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To pay or not pay a hacker’s ransomware demand? It comes down to cyber hygiene

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A recent call for city leaders to stop paying ransomware demands underscores the need for municipalities to step up their cyber practices and have a good backup process in place.

Baltimore Mayor Jack Young announced last week that the U.S. Conference of Mayors (UCSM) passed a resolution calling on mayors to oppose the payment of ransomware attackers. The resolution states that “at least 170 county, city or state government systems have experienced a ransomware attack since 2013” with 22 of those occurring in 2019 so far.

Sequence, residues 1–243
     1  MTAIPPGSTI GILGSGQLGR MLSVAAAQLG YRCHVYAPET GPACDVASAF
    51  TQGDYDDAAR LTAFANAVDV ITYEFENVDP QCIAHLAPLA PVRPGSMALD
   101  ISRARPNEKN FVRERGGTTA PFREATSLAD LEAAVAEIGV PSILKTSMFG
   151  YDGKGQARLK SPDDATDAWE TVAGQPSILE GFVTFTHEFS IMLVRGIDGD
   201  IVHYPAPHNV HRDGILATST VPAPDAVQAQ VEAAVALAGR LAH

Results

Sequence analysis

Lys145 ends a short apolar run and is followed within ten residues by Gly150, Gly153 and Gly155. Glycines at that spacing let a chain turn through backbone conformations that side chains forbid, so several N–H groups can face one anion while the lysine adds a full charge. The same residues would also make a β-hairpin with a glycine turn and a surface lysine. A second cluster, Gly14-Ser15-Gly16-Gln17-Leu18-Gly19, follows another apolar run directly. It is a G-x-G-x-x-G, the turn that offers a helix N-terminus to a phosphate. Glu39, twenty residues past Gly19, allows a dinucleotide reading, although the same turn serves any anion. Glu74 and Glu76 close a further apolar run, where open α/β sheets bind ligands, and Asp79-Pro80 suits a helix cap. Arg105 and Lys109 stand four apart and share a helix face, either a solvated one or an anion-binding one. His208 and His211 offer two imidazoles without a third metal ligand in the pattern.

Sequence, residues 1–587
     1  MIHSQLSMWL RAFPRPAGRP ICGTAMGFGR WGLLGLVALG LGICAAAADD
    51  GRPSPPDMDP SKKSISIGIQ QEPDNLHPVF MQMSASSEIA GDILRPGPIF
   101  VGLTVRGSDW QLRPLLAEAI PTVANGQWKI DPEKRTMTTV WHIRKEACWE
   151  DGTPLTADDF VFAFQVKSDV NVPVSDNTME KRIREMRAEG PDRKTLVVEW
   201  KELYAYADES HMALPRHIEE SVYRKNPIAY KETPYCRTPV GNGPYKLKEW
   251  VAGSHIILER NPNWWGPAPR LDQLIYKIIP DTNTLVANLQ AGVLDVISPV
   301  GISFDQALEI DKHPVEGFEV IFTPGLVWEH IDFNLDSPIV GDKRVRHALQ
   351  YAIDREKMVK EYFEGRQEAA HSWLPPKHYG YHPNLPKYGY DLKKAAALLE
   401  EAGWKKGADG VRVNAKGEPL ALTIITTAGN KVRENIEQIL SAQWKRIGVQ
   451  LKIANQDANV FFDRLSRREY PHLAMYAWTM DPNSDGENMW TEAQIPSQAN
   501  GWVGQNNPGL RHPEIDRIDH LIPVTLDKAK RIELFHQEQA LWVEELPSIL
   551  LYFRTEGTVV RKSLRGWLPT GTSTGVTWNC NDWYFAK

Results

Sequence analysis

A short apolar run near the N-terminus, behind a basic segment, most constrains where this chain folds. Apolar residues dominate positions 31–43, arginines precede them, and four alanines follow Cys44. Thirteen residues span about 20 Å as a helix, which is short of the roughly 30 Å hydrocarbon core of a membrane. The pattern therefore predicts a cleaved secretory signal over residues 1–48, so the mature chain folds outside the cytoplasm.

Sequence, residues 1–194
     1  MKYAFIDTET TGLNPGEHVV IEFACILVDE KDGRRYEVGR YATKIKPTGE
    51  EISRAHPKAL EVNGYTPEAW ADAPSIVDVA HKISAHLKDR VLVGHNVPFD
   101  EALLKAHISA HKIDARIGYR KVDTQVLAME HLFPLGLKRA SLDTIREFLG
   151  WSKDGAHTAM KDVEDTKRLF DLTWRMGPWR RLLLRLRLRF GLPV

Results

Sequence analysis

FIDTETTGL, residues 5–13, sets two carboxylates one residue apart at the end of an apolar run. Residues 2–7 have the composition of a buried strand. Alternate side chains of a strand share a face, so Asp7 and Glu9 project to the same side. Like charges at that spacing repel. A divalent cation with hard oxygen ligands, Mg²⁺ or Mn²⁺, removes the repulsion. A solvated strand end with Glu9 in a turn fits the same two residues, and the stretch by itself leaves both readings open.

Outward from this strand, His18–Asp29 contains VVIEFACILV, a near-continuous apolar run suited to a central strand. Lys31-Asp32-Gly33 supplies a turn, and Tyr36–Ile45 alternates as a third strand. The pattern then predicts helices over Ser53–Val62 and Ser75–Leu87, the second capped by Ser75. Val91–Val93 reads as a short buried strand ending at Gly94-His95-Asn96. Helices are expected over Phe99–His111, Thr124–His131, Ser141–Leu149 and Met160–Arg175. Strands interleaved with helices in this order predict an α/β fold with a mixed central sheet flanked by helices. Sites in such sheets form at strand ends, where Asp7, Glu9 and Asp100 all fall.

One of those cities is Young’s own Baltimore, which was crippled by a Robbinhood ransomware attack on May 7, causing well more than a month’s worth of turmoil and city service outages that brought down real estate sales in the city and ultimately cost $18 million (and counting) in recovery costs and lost revenues. Baltimore applied for federal disaster funds, and the city’s IT chief publicly apologized for doing a “poor job” of communicating in the wake of the attack. Mayor Young and IT experts say it will still be months before Baltimore’s systems are fully functional.

Baltimore’s ransomware disaster could have theoretically been minimized if the city had paid the hacker’s initial ransom demand of what was then about $76,000 in bitcoin, less than 1% of the ultimate cost of the attack. At least two other cities recently hit by ransomware made their own calculations and decided to do just that.

[This article appeared in CSO Online. To read the rest of the article please visit here.]

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